What are note intervals in music
- The difference between two sounds/pitches is called, harmonic interval.
- Intervals are named by size and quality.
- Interval qualities are major (M), minor (m), perfect (P), diminished (º) and augmented (+).
- Interval Size: distance between two given notes. (see table below)
- Intervals that are 2, 3, 6, or 7 in size can be major, minor, diminished or augmented. These intervals can never be perfect.
- Intervals that are 1, 4, 5, or 8 in size can be perfect, diminished or augmented. These intervals can never be major or minor.
- The picture below shows the simple intervals from C to any notes above.
Compound intervals are intervals larger than an octave. (Above 6 tones). The first ligne below shows the number of semitones. From a to x are the figure references shown in the tables below. Compound intervals are functionally the same as the corresponding simple intervals (those an octave or less in size). Thus, a 9th is a compound 2nd (M9), an 11th is a compound 4th (P11) and a 13th is compound 6th (M13).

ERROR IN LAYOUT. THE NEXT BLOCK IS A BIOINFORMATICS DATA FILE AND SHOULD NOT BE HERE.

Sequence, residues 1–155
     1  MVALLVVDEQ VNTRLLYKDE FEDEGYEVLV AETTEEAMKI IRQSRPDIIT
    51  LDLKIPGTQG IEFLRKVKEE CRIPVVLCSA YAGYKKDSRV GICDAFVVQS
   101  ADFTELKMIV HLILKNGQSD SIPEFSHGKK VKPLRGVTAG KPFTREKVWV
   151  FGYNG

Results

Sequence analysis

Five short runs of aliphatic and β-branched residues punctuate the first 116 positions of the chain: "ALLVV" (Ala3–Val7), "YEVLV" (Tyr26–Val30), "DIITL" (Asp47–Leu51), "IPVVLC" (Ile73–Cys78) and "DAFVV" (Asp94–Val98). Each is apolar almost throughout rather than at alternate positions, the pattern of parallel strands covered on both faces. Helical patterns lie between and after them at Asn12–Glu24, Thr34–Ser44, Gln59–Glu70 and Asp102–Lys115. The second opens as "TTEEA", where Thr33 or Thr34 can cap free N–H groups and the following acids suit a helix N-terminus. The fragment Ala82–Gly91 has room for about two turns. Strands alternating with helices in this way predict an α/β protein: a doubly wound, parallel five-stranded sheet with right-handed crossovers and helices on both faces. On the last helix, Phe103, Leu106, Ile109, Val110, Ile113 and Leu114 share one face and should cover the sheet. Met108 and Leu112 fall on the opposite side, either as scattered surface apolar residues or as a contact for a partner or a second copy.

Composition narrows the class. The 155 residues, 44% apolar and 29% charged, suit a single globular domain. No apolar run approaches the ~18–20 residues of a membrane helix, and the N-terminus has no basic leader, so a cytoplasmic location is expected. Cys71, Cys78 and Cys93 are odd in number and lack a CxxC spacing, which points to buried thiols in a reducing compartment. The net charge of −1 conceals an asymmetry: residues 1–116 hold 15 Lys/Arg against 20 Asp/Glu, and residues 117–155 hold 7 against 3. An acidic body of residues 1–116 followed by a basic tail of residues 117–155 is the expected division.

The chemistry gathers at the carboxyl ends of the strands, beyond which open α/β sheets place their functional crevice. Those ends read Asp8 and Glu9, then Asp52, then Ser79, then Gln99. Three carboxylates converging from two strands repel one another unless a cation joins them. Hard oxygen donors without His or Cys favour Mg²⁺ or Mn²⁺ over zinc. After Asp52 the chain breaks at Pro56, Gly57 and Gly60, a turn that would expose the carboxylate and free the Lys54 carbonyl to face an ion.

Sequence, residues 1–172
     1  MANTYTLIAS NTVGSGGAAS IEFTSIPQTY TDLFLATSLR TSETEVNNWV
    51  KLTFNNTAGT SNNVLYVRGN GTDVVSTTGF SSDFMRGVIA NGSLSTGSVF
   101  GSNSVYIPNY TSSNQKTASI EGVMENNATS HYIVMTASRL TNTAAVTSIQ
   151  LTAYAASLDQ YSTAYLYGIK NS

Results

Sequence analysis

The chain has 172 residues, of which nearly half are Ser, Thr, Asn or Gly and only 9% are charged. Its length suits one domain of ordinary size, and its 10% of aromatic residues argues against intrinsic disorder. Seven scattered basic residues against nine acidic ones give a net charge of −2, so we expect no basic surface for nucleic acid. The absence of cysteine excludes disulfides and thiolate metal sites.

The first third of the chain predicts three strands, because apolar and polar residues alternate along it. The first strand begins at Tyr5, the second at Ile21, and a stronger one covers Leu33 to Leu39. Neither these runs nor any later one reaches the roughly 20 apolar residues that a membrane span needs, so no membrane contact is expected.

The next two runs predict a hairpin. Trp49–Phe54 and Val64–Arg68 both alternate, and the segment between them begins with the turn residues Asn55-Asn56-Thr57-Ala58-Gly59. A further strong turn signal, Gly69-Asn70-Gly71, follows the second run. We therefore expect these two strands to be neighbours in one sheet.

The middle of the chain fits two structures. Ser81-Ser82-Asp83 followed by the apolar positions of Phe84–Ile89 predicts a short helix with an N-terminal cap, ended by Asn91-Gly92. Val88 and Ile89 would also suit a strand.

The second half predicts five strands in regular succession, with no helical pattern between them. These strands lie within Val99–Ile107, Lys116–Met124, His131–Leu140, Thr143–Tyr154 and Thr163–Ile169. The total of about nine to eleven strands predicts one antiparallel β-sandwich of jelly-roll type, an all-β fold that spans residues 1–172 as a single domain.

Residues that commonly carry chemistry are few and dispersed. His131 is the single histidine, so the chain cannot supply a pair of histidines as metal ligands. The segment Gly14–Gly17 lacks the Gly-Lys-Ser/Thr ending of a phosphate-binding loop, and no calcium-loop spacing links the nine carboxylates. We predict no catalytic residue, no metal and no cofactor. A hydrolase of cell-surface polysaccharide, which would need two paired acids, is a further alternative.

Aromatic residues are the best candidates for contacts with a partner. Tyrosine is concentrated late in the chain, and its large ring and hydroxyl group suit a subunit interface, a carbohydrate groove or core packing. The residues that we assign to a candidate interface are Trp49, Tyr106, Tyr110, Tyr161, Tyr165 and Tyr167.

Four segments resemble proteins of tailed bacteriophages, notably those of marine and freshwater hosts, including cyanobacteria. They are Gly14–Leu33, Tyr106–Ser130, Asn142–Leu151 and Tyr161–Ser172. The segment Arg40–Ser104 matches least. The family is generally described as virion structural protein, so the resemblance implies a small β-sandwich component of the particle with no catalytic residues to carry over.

Consonance and Dissonance Intervals
- Consonant intervals are those intervals that sound stable and usually pleasant to the ear. (m3, M3, P4, P5, m6, M6, P8 (octave))
- Dissonant intervals are those that sound harsh and unstable, they feel as if they want to resolve: (m2, M2, m7, M7, Tritone (augmented fourth)
- The P1, P8, and P5 are known as perfect consonances.
- The m3, m6, m7, M2, M3, M6 are known as imperfect consonances.
Some thoughts about music note intervals.
According to Hindemith and generally speaking, the consonant intervals excel in harmonic power, the dissonant intervals in melodic power, whereas the tritone is considered apart, as possessing specifically, neither harmonic nor melodic significance. The term root is applied not only to chords but also to intervals. In the perfect fifth, major and minor thirds, and major and minor seventh, the root tone of the interval is the lower tone; in the perfect fourth, major and minor sixths, and major and minor seconds, the root tone is the upper tone of the interval. The fundamental of a chord is found by first selecting the "best" interval between any two tones of the chord, the intervals being arranged in a series to decreasing value from the perfect fifth to the major seventh.